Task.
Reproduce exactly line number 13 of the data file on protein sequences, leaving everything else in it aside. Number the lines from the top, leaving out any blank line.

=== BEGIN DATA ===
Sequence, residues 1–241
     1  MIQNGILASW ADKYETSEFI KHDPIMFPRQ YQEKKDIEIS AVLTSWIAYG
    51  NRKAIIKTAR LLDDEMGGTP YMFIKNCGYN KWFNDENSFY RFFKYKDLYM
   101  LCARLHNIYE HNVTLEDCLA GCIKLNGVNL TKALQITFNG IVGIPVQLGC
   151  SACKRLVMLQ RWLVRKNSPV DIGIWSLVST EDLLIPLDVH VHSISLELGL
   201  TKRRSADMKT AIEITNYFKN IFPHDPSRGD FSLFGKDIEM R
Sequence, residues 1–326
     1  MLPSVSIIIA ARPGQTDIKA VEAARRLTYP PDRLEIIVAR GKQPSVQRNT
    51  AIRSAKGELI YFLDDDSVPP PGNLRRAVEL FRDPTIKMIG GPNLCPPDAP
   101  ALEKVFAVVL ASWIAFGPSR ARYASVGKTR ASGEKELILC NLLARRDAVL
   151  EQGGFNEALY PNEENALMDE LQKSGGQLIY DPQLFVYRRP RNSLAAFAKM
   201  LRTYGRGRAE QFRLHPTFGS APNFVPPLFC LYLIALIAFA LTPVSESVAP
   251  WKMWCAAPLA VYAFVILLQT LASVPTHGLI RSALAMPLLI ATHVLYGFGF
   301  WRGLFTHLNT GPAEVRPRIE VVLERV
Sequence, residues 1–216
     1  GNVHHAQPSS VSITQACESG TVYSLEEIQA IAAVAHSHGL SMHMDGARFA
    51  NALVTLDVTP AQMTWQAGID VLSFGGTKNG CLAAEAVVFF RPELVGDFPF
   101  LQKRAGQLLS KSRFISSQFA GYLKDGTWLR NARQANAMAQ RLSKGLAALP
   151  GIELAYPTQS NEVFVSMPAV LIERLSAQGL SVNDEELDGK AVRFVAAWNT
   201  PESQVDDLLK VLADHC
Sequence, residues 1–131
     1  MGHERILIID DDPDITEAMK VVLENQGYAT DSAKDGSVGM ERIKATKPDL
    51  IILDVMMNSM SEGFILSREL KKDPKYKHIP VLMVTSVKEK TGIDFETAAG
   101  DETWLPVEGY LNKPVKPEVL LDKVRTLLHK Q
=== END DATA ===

   251  WKMWCAAPLA VYAFVILLQT LASVPTHGLI RSALAMPLLI ATHVLYGFGF